Gillian Hadfield on Evidence-based Regulation for Law

There is a Missouri statute that makes it a misdemeanor, punishable by $100 fine, for anyone who is not licensed by the Missouri bar to “engage in the practice of law or do law business.”  If convicted, violators can be sued by anyone that paid them for their services or by the state of Missouri; successful plaintiffs can recover three times the fees paid to the violator for their services.

In February 2010, three individuals used this statute to file a class action against LegalZoom.com Inc., an online provider of legal documents.  (Disclosure: I joined the Legal Advisory Board for LegalZoom two months ago.)  Last December, the federal district court where the case was transferred certified a class of Missourians who had “paid fees to LegalZoom for the preparation of legal documents.”

LegalZoom recently settled the case, after losing last month on summary judgment.  Summary judgment was appropriate, the court held, because there was no dispute about the facts of LegalZoom’s business model.  People or small businesses come to the site for help preparing documents to incorporate a business, form a partnership, create a trust, file an uncontested divorce, and so on.  They can download the blank forms from LegalZoom and fill them in themselves or they can answer some questions and have LegalZoom enter the information in the correct form, review it for completeness, spelling, consistency etc., and then send the completed document to the purchaser to sign and use.  The plaintiffs in the Missouri case had used the system to generate wills and articles of organization for a business. None of the plaintiffs alleged they were unhappy with the documents they received or that they had understood themselves to be purchasing legal advice.

The court held that the only question in the case was the legal one of whether LegalZoom’s business model constituted the unauthorized practice of law.  The Missouri statute offers a definition of “the practice of law” and the “law business.”  The LegalZoom court quoted those definitions, but also made it very clear that the legislature’s definitions don’t matter much.  For the General Assembly of Missouri “may only assist the judiciary by providing penalties for the unauthorized practice of law, the ultimate definition of which is always within the province of this [Missouri Supreme] Court.”  And, as the Court saw it, “it is impossible to lay down an exhaustive definition of ‘the practice of law.’”  So whether LegalZoom’s business is a “law business” and constitutes unauthorized practice law is ultimately something for the state’s Supreme Court to judge in its regulatory capacity, not a matter of statutory interpretation.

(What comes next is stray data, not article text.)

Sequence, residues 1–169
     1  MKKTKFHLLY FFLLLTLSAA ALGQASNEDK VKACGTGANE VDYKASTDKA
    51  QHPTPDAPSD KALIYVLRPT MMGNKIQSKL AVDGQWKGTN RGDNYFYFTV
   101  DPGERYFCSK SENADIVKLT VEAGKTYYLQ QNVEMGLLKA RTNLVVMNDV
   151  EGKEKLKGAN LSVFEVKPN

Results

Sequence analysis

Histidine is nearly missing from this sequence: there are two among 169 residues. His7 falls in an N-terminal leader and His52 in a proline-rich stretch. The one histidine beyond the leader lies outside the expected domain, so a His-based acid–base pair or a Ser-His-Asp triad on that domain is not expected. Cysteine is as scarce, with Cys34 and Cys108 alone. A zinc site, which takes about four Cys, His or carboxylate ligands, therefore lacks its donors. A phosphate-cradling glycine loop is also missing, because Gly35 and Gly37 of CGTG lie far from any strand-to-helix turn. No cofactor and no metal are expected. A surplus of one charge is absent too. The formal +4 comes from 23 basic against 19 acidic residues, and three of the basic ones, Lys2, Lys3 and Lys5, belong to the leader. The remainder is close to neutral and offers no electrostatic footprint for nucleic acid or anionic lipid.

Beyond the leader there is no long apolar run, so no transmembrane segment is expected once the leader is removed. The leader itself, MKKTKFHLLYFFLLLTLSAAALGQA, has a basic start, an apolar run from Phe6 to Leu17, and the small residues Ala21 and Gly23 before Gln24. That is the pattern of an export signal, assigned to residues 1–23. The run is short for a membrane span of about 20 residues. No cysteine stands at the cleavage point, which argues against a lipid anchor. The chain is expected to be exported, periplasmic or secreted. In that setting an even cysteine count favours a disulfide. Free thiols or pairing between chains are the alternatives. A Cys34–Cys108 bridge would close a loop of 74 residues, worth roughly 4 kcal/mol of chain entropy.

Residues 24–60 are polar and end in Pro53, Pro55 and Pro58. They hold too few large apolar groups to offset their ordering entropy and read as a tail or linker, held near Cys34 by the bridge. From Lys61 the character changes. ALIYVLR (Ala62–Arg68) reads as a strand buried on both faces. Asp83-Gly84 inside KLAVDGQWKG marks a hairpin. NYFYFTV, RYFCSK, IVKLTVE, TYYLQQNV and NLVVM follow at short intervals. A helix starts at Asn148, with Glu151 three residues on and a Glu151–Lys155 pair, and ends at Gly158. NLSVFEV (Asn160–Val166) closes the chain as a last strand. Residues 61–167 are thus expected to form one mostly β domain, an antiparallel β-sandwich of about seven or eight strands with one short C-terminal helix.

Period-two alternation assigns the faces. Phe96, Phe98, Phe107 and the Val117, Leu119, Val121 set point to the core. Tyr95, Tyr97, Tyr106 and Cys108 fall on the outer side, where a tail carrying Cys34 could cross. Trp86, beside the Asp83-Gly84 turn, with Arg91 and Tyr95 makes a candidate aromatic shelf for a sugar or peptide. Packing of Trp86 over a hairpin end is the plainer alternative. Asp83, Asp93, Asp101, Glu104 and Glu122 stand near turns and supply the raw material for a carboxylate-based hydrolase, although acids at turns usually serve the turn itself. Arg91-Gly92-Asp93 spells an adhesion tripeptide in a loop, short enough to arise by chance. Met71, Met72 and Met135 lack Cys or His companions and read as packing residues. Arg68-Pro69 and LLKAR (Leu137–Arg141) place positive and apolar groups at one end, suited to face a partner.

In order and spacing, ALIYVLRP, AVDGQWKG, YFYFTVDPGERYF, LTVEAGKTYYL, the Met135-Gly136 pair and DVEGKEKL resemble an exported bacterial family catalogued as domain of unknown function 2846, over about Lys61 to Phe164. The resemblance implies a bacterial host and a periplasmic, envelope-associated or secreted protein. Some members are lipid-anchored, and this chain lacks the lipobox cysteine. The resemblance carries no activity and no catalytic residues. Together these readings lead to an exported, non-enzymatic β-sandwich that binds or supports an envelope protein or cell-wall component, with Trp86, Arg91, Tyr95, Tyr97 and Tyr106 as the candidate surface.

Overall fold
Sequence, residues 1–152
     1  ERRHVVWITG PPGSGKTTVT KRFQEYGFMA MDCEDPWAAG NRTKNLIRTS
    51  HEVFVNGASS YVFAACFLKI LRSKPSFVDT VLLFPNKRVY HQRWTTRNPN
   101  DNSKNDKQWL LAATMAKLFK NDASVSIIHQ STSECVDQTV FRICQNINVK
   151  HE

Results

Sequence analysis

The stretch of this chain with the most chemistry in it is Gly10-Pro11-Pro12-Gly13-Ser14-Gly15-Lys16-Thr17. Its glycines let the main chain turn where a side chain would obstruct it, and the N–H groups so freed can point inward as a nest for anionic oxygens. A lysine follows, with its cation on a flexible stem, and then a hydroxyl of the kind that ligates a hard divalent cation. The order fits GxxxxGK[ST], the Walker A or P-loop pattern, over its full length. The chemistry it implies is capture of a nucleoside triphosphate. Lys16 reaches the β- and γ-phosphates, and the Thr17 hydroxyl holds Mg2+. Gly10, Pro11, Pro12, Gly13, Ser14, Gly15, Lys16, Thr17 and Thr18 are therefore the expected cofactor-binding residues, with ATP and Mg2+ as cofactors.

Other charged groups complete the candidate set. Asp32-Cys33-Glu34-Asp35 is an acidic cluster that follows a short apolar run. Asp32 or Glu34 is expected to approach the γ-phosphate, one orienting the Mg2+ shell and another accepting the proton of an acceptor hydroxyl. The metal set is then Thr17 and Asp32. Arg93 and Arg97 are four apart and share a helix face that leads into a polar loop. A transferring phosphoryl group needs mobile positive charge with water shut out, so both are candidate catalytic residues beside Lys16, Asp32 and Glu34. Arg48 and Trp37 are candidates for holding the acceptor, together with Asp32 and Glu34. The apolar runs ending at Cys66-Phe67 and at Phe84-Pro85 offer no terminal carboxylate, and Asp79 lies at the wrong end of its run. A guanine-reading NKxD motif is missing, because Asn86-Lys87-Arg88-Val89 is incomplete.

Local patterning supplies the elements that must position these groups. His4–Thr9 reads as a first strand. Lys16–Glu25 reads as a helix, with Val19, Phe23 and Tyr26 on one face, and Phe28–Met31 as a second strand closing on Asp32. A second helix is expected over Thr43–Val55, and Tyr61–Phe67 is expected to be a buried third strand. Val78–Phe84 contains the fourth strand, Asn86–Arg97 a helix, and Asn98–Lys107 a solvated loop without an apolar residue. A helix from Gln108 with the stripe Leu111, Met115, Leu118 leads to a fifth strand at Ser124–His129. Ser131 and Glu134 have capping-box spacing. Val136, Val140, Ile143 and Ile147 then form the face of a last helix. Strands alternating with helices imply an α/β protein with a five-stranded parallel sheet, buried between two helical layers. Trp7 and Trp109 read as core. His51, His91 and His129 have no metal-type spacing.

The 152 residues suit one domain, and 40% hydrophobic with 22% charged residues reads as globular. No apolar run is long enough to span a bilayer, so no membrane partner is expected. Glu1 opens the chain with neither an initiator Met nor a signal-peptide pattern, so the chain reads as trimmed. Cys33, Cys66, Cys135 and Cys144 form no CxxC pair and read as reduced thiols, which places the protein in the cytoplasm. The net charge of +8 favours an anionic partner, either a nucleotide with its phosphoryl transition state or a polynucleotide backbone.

This means that even if the Missouri General Assembly decided that the availability of low-cost online services like LegalZoom would be a great boon to boost the Missouri economy by reducing the cost of starting and operating a small business, it can’t make that happen.  It’s up to the judiciary, “exclusively,” to decide what the “law business” is and who can participate in that business.